Updated: May 3
It’s fairly standard to assume that not all people will get along with each other. Some people clash, perhaps because they have different personalities, different interests, different moral standards, or different motivations, but that’s part of human life.
Yet when our dogs don’t get along with every single dog, we suddenly think there’s something wrong with them, or worse, we quickly label them as ‘aggressive’. We can be so quick to assume the worst with our dogs, one negative reaction can tip us straight into thinking our dog has an issue.
If we were to picture ourselves in some of the situations we put our dogs in, we would soon have a better appreciation of why they behave in the way they do. If you were put into a room with 20 other people and expected to greet them all, make polite conversation and interact happily for several hours, would you really enjoy it? If you had to do this every day, would you snap at some point?
For dogs in daycare or busy walking locations, this can be a daily occurrence. Even if you were having to meet-and-greet several new people every time you left the house, at some point you’d meet a few who you didn’t get along with or some who you would rather not say hello to.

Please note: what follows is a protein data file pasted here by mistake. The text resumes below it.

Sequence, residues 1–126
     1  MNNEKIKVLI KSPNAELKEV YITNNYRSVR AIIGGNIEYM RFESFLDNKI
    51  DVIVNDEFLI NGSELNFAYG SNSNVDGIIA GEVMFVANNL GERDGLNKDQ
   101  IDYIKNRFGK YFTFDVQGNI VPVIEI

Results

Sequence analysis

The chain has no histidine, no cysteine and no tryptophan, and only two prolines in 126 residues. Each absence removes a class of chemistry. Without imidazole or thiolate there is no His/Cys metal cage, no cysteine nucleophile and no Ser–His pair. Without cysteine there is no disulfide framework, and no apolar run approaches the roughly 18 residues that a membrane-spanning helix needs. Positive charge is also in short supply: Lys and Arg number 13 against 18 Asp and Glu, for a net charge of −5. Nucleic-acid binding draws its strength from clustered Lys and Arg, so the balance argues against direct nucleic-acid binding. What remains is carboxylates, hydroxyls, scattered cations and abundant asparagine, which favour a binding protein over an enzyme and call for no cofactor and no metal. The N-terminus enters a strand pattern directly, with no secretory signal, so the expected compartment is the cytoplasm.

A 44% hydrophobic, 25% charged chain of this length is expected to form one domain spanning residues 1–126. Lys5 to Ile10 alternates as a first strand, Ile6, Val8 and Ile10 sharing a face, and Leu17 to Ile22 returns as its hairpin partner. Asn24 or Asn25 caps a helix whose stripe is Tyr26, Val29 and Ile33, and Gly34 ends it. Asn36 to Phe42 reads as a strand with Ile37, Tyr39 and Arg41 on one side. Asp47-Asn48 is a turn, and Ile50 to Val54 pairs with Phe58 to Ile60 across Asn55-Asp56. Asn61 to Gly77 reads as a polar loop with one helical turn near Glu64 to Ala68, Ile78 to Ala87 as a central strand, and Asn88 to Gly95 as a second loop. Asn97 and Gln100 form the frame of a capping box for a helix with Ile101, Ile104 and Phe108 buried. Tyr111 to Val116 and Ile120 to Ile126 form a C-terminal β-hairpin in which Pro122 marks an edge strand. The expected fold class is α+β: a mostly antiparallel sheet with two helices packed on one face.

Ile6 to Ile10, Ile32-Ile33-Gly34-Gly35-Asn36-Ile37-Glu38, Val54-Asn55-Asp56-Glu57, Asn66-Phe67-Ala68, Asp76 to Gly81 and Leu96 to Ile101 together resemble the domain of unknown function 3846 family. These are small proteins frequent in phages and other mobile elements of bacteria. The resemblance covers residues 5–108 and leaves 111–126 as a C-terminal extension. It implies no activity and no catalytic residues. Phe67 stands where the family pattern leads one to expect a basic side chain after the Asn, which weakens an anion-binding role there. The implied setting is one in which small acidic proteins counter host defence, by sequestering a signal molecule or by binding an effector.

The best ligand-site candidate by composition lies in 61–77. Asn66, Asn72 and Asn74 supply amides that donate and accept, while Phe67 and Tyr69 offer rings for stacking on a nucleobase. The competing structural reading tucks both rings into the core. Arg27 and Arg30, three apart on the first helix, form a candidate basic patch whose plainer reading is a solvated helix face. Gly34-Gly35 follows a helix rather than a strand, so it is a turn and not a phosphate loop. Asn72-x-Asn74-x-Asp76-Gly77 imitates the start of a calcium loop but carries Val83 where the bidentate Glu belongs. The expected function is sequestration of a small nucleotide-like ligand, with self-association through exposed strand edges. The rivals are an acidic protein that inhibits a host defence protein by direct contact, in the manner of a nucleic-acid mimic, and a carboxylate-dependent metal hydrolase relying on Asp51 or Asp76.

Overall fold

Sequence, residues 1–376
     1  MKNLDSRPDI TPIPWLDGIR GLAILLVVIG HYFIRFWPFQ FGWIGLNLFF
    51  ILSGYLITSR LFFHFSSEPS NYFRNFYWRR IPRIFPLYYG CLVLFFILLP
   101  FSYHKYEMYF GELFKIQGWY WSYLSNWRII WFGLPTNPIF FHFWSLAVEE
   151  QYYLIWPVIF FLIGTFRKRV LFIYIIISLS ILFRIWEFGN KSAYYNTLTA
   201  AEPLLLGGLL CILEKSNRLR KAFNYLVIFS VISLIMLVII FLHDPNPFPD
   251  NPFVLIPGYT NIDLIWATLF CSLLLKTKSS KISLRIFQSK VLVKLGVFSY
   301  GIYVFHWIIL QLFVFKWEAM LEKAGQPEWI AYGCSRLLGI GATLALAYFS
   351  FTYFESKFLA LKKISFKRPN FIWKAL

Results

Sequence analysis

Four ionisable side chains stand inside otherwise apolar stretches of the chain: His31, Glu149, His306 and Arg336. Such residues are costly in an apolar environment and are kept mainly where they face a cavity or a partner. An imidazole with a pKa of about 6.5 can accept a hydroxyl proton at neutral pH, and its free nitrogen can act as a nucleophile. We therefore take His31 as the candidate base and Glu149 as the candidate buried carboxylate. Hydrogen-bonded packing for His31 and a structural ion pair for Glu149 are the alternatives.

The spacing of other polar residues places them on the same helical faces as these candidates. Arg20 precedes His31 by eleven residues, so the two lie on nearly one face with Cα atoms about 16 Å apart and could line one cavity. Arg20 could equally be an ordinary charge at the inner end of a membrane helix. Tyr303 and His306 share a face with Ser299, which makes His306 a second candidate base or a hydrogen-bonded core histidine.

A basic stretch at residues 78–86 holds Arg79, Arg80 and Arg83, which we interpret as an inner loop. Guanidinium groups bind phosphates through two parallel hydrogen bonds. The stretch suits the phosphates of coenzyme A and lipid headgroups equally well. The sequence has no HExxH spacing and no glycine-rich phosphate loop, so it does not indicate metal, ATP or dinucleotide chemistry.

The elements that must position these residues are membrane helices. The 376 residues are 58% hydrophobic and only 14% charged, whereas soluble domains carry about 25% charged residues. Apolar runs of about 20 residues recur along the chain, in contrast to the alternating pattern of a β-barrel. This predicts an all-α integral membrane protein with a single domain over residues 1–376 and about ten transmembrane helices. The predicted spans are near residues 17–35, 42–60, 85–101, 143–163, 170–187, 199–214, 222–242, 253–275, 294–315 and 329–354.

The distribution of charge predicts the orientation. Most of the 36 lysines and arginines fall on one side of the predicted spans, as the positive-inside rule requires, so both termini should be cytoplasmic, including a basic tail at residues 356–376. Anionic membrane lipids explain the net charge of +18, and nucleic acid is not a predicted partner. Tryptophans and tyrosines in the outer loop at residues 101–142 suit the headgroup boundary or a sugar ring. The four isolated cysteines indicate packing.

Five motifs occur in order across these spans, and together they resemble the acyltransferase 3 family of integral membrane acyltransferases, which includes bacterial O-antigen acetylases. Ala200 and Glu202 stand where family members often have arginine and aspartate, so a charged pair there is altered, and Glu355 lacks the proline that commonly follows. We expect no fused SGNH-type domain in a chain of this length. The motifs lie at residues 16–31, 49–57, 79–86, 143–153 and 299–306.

Thinking how you would feel in some of these situations might give you a better idea of why not all dogs get along. Just like people, some love to meet loads of new friends, they thrive off busy social situations, while others find this stressful and tiring, or would rather stick with known friends.
It’s more widely accepted now that dogs will range on a scale between being ‘super dog social’ to ‘aggressive’, with very few dogs being on either end of the extremes. Most dogs will sit somewhere in between the extremes,
Puppies do tend to start life on the ‘super dog social’ end of the spectrum, but this changes as they mature and it can be hard for us to understand why our puppy who once loved absolutely everyone, is now less keen to meet all the other dogs. People often start to worry when their puppy stops showing so much interest in dogs, thinking it’s almost rude and offensive if they don’t engage in play with another dog. But actually, this is perfectly normal and often very polite dog behaviour.
Dog tolerance levels will change with age and experience, but there will also be genetic influences which no amount of socialisation, training or experience will be able to make a significant impact on. This is why not every dog will necessarily be friendly with all dogs or display perfect social skills.
This is where most puppies start. They enjoy other dogs and seek out interactions. They will tolerate, or even encourage, rude behaviours from other dogs (like humping, being barged around or barked at to provoke play)
With maturity, most dogs will move towards the ‘Dog Tolerant’ side of the scale, but some dogs will remain highly ‘Dog Social’, this is a rarity though despite it being a trait we tend to expect from our dogs